横撇 HP Héng Piě   又 水 夕 径 炙 双 叒 今 U+31C7 (㇇)
横折 HZ Héng Zhé   口 囗 己 田 品 吕 申 甲 圆 巪 U+31D5 (㇕)
横折钩 HZG Héng Zhé Gōu (Radical: Variant form of 乙 ). 羽 习 包 勻 葡 用 青 甫 勺 月 也 乜 U+31C6 (㇆)
横折提 HZT Héng Zhé Tí   讠 计 鳩 U+31CA (㇊)
横折折 HZZ Héng Zhé Zhé   U+31C5 (㇅)
横折弯 HZW Héng Zhé Wān   殳 投 朵 U+31CD (㇍)
Héng Zhé Wān Gōu[3]
(Héng Xié Gōu[4])
Unofficial name "HWG" is used by Hugo Lopez.[1] 飞 风 瘋 凬 虱 迅 气 九 几 U+31C8 (㇈)
Héng Xié Wān Gōu[3]
(Héng Zhé Wān Gōu[4])
yǐ, niè, "the second of the ten heavenly stems", "second"; zhé (折) turning stroke / to break (Radical 5 乙). 氹 乞 乤 艺 U+31E0 (㇠)
横折折折 HZZZ Héng Zhé Zhé Zhé   U+31CE (㇎)
横折折撇 HZZP Héng Zhé Zhé Piě   建 及 U+31CB (㇋)
横撇弯钩 HPWG Héng Piě Wān Gōu   队 邮 U+31CC (㇌)
横折折折钩 HZZZG Héng Zhé Zhé Zhé Gōu 𠄎 nǎi, archaic form of "then", "really, indeed", "namely", "you, your". 乃 孕 仍 U+31E1 (㇡)
S Shù , gǔn, "vertical line" (Radical 2 丨). 丩 中 串 讧 乍 上 五 丑 U+31D1 (㇑)
竖钩 SG Shù Gōu jué, "a vertical line with a hook" (Radical 6 亅). 爭 事 求 水 U+31DA (㇚)
竖提 ST Shù Tí   以 比 切 卯 食 良 艮 很 狠 鄉 民 U+31D9 (㇙)
竖折 SZ Shù Zhé   断 陋 继 山 互 彙 牙 乐 东 U+31D7 (㇗)
竖弯 SW Shù Wān   區 亡 妄 四 U+31C4 (㇄)
竖弯左 SWZ Shù Wān Zuǒ   肅 嘯 蕭 簫 U+31D8 (㇘)
竖弯钩 SWG Shù Wān Gōu yǐn, "hidden", "mysterious", "small", usually read as / yǐn (Radical: Variant form of 乙 ). 乱 己 已 巳 U+31DF (㇟)
竖折折 SZZ Shù Zhé Zhé   亞 鼎 卐 吳 专 U+31DE (㇞)
Shù Zhé Wān Gōu[3]
(Shù Zhé Zhé Gōu[4])
  亏 强 弓 丏 丐 与 马 鸟 丂 号 U+31C9 (㇉)
P Piě 丿 usually read as 撇 piě, "line", "slash" (Radical 4 丿). 乂 爻 禾 毛 乏 乖 釆 衣 八 行 U+31D2 (㇒)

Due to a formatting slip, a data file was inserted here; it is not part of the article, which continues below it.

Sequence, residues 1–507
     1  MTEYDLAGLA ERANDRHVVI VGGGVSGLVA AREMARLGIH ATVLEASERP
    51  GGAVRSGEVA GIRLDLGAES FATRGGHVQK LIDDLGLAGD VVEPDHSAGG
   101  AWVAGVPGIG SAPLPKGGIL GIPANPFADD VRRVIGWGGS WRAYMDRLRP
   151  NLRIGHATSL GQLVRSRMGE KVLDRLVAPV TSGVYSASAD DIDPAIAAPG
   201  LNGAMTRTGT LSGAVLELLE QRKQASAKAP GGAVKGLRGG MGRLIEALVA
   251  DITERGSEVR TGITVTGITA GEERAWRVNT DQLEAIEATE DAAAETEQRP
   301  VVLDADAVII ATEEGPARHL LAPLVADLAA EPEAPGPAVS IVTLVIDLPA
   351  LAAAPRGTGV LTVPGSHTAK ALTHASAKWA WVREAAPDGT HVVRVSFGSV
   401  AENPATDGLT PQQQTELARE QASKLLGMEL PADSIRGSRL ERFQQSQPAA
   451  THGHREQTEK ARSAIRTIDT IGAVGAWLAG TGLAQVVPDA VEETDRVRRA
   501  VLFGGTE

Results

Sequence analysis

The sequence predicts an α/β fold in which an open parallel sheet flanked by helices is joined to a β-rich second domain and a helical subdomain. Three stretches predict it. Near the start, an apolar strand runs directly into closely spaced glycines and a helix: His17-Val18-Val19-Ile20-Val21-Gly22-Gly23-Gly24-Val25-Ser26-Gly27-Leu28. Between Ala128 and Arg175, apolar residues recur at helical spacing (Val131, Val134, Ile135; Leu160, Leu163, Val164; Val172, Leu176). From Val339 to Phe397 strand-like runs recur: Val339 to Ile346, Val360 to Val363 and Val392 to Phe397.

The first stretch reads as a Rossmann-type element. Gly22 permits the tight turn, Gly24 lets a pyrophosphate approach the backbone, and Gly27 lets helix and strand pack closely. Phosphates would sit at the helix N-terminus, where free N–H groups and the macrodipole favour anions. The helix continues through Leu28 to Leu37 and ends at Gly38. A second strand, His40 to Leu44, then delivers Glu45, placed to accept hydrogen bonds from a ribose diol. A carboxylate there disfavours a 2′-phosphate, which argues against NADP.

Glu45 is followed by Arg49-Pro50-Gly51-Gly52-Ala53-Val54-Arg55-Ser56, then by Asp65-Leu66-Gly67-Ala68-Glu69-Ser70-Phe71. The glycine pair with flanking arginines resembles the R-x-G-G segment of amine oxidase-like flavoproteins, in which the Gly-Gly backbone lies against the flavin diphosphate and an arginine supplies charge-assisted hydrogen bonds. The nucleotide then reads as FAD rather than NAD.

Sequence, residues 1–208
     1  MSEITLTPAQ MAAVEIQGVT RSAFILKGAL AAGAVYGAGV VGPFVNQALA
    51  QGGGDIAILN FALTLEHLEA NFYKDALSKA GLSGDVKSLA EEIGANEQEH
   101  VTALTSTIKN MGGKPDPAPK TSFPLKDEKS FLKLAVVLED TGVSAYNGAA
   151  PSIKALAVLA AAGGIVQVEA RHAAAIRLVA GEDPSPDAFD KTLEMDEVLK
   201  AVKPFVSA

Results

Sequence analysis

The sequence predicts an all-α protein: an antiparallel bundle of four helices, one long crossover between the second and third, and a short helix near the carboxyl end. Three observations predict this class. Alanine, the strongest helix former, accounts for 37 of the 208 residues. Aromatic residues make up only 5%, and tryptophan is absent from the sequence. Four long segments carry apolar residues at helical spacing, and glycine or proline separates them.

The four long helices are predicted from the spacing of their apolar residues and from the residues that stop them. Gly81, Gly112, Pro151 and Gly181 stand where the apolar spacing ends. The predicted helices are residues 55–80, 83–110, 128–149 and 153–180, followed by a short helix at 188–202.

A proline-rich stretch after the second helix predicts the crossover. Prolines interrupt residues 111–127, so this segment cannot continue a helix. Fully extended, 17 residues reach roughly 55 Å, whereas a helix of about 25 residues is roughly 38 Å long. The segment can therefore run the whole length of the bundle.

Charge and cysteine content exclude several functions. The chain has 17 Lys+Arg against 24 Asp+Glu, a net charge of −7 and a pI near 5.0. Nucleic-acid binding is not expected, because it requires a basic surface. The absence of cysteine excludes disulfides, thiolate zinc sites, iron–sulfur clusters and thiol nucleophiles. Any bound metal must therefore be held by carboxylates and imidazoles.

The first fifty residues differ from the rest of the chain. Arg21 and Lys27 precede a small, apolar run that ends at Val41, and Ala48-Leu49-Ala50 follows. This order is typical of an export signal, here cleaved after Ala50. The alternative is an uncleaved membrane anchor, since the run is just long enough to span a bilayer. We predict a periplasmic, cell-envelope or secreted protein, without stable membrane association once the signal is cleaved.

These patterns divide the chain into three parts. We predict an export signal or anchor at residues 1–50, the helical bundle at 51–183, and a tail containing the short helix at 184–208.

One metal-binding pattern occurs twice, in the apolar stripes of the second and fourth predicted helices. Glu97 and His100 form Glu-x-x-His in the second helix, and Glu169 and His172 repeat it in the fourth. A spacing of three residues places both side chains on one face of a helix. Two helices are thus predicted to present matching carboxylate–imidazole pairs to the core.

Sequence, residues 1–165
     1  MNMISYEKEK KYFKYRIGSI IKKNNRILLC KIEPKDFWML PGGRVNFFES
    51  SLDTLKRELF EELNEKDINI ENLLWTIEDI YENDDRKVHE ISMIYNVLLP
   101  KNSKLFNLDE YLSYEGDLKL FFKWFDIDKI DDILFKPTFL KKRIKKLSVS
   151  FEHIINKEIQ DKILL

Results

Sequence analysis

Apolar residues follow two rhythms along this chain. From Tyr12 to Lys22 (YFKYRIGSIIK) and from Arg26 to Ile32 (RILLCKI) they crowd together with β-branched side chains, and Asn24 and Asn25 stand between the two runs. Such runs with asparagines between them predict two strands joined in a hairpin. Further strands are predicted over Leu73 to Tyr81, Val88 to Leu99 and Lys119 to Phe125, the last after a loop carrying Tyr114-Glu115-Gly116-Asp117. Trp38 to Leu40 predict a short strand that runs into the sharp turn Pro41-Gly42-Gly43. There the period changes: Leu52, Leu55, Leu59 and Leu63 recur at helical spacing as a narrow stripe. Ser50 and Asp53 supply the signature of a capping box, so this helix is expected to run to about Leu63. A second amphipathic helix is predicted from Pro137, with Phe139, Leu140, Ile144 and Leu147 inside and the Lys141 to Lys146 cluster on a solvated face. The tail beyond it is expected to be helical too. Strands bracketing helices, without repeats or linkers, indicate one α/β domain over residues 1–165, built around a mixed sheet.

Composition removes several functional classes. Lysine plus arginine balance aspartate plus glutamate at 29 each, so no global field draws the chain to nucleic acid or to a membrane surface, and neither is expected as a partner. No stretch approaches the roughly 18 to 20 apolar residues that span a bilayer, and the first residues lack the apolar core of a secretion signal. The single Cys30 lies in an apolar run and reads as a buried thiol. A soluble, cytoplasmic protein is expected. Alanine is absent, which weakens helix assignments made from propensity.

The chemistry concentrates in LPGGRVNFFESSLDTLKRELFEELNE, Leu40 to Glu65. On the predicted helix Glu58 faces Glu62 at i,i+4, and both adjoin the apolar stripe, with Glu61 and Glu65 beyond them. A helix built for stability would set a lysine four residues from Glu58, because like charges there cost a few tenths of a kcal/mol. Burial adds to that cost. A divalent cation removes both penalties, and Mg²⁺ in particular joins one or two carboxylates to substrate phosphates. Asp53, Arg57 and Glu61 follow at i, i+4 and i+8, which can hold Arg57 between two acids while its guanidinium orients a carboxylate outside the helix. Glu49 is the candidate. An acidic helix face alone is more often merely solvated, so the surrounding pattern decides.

竖撇 SP Shù Piě   乃 月 用 齊 几 人 班 大 U+31D3 (㇓)
撇钩 PG Piě Gōu   U+31E2 (㇢)
撇折 PZ Piě Zhé   弘 玄 公 厶 翁 U+31DC (㇜)
撇点 PD Piě Diǎn 𡿨 quǎn, a little drain between fields, usually read as quǎn (Radical 47 巛). 女 巛 巡 獵 災 甾 U+31DB (㇛)
D Diǎn zhǔ, "dot", usually read as 點 / 点 diǎn (Radical 3 丶). 丸 叉 义 永 冰 凡 丹 主 求 火 刃 U+31D4 (㇔)
N ㇏ usually read as 捺 nà. 大 人 天 入 走 边 廷 尺 U+31CF (㇏)
提捺 TN Tí Nà (1) , "stretch". (2) , "to move" (archaic). 尐 之 道 八 入 廻 U+31DD (㇝)
斜钩 XG Xié Gōu   戈 弋 戰 我 U+31C2 (㇂)
扁斜钩 BXG Biǎn Xié Gōu   心 必 沁 惢 蕊 U+31C3 (㇃)
弯钩 WG Wān Gōu   狐 狱 豹 家 啄 嶽 貓 家 逐 U+31C1 (㇁)
Q Quān líng, "zero"; also read as quān, "circle". Rare. 〇 㔔 㪳 㫈 U+31E3 (㇣)

Besides, some strokes have been unified or abandoned in Unicode:

CJK basic and compound strokes which have been unified or abandoned
Stroke Name in PRC Abbr Full Name Note Example characters
横撇弯 HPW[1] Héng Piě Wān It only appears in Regular script, can be merged into stroke HPHP in Song typeface. 辶 过 边
竖折撇 SZP[4] Shù Zhé Piě This stroke has been merged into stroke SZZ in Unicode.[5] 专 𧦮 𤓷 𤦡
竖折折弯钩 SZZWG[1] Shù Zhé Zhé Wān Gōu This stroke has been merged into stroke SZZG in Unicode.[5] 弓 丐
W[1] Wān It never occurs alone, only appears inside compound strokes. 辶 豕 𢀓
弯钩 WG[1] Wān Gōu It never occurs alone, only appears inside compound strokes.
点捺 DN[4] Diǎn Nà This stroke has been merged into stroke TN or N in Unicode.[5] 內 全 廴
平捺 PN[4] Píng Nà This stroke has been merged into stroke N in Unicode.[5] 是 走 廴
提平捺 TPN[4] Tí Píng Nà This stroke has been merged into stroke N in Unicode.[5] 辶 之 辷